In 2001, Portugal became the first country to decriminalize use or possession of all illicit substances — not just marijuana, but also heroin, methamphetamines and other highly addictive drugs. Abusers might receive a warning, or a petty fine. These policies led to a steep decline in HIV and hepatitis infection rates, as well as overdose deaths, drug-related crimes and incarceration rates by 2015, according to a 2017 report by the Guardian.
“Portugal’s remarkable recovery, and the fact that it has held steady through several changes in government … could not have happened without an enormous cultural shift, and a change in how the country viewed drugs, addiction — and itself,” journalist Susana Ferreira wrote for the Guardian.
In its 45-year history, the U.S. Drug Enforcement Agency has not shifted with the culture on marijuana. In 2010, the agency published a booklet titled “Speaking Out Against Drug Legalization,” in which it called marijuana a “dangerous, mind-altering drug.” Weed legalization and taxation would not help local economies, the DEA asserted.
President Donald Trump has called marijuana legalization a matter that should be left up to individual states. But Sessions, who has expressed his own peculiar views against weed, in 2017 called on federal prosecutors to seek the harshest penalties and prison sentences on drug offenders. Critics fear the Trump administration intends to ramp up the drug war.
Meanwhile, a growing number of cities and states are considering marijuana legalization. Nine states — Washington, Oregon, California, Nevada, Alaska, Colorado, Maine, Vermont and Massachusetts — and the District of Columbia have already legalized recreational use. Elected leaders in New York City, the nation’s most populous city, are split on legalization but are currently studying it.
The benefits of decriminalization are outweighing the costs of holding firm to prohibition, and are driving a push toward broader legalization, advocates have said.
So, what exactly would it look like to stop jailing people for weed?
Legalization has led to outcomes that were once simple hypothesis by decriminalization advocates. According to a Drug Policy Alliance status report on marijuana legalization, arrests are down and investments in public services like education are up.
“Legalization has been around in these states long enough to really evaluate,” Forman, the attorney for the Drug Policy Alliance, said. “States have been able to fill their coffers with marijuana tax revenues, and they’ve been able to use those revenues for the social good.”
In Washington state, Colorado, Oregon and Alaska, among others, the number of low-level marijuana court filings dropped by as much as 98.6% over a few years, according to the DPA’s status report. Meanwhile, tens of millions of dollars in marijuana tax revenues are already being put to use.
Colorado funneled $230 million to the state Department of Education for school construction and literacy programs, according to the status report. Oregon is allocating 40% of marijuana tax revenue to state school funding. In California and Massachusetts there are plans to invest in low-income communities and communities of color that have been most impacted by arrests and incarceration in the War on Drugs.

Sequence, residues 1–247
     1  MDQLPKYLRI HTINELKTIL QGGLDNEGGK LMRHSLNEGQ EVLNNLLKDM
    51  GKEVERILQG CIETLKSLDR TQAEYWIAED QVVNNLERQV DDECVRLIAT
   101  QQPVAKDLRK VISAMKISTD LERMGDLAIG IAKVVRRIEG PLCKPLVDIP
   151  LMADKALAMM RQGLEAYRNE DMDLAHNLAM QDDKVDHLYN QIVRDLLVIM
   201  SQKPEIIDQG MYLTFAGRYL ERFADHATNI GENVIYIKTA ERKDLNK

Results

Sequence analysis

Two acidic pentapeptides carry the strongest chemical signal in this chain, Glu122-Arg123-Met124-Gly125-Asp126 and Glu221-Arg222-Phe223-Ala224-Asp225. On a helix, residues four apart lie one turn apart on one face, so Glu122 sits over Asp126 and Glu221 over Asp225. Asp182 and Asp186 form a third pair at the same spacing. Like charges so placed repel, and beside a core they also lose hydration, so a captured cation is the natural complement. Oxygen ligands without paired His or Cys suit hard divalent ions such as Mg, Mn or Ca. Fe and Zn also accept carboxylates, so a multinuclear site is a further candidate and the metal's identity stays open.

Under California’s voter-approved proposition, inmates currently locked up for illegal marijuana possession can qualify for early release and record expungement, if their drug crime is now considered a lesser offense.
That’s significant, advocates have said, given the social and economic consequences of drug convictions. A 2016 report by the Center for Economic and Policy Research think tank states that prison-related policies in 2014 cost the U.S. economy as much as $87 billion in gross domestic product, because businesses did not hire more people who were formerly incarcerated.
Potential collateral consequences after federal legalization are myriad: Fewer children would know what it’s like to live their formative years without their parents, studies show, and fewer women would struggle with depression or endure economic hardship because of an incarcerated partner. Fewer potential voters would be precluded from participating in democracy, too. Currently, 34 states bar parolees and people on probation from voting. In 12 states, a felony drug conviction means you are stripped of your right to vote for life.
After his marijuana arrest in San Francisco decades ago, Hampton was able to have his conviction reduced to a misdemeanor. He then enrolled at Alabama State University, a historically black college in Montgomery, and earned a degree in business administration.
Given that California now permits the sale of recreational marijuana, Hampton is eligible for a state program that helps people with prior drug convictions join the legal marijuana industry. He already owns a very small portion of a marijuana dispensary in San Francisco, and has applied to operate a second dispensary in the city, where he’d own a much larger share of the business.
Hampton needs the revenue — he’s the father of seven children, the eldest is 29 and the youngest is 6 years old. He also has five grandchildren.
“Back in the 1990s, I was out selling marijuana to keep money in my pocket,” Hampton said in a phone interview. “I had to provide for my kids.”
That’s still true, he said. But he’s hopeful that legalization will mean more men like him have the opportunity to mature into responsible citizens, without the threat of incarceration, whether they want to enter the marijuana industry or not.